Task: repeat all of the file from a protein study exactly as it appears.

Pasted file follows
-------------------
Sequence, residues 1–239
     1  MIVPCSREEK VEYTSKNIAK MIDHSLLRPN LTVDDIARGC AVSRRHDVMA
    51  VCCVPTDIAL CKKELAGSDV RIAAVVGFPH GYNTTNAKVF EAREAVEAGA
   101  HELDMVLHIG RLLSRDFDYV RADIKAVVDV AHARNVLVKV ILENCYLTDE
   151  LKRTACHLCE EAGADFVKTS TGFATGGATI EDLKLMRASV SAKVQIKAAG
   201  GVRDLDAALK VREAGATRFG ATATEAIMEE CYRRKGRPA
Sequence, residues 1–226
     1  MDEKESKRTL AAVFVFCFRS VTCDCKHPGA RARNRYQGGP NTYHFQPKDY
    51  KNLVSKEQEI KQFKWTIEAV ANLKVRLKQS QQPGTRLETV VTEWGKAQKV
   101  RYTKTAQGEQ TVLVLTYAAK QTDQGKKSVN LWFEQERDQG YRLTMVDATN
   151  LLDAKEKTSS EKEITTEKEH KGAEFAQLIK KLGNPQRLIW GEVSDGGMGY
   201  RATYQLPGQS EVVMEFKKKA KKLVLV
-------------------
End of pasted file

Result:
Sequence, residues 1–239
     1  MIVPCSREEK VEYTSKNIAK MIDHSLLRPN LTVDDIARGC AVSRRHDVMA
    51  VCCVPTDIAL CKKELAGSDV RIAAVVGFPH GYNTTNAKVF EAREAVEAGA
   101  HELDMVLHIG RLLSRDFDYV RADIKAVVDV AHARNVLVKV ILENCYLTDE
   151  LKRTACHLCE EAGADFVKTS TGFATGGATI EDLKLMRASV SAKVQIKAAG
   201  GVRDLDAALK VREAGATRFG ATATEAIMEE CYRRKGRPA
Sequence, residues 1–226
     1  MDEKESKRTL AAVFVFCFRS VTCDCKHPGA RARNRYQGGP NTYHFQPKDY
    51  KNLVSKEQEI KQFKWTIEAV ANLKVRLKQS QQPGTRLETV VTEWGKAQKV
   101  RYTKTAQGEQ TVLVLTYAAK QTDQGKKSVN LWFEQERDQG YRLTMVDATN
   151  LLDAKEKTSS EKEITTEKEH KGAEFAQLIK KLGNPQRLIW GEVSDGGMGY
   201  RATYQLPGQS EVVMEFKKKA KKLVLV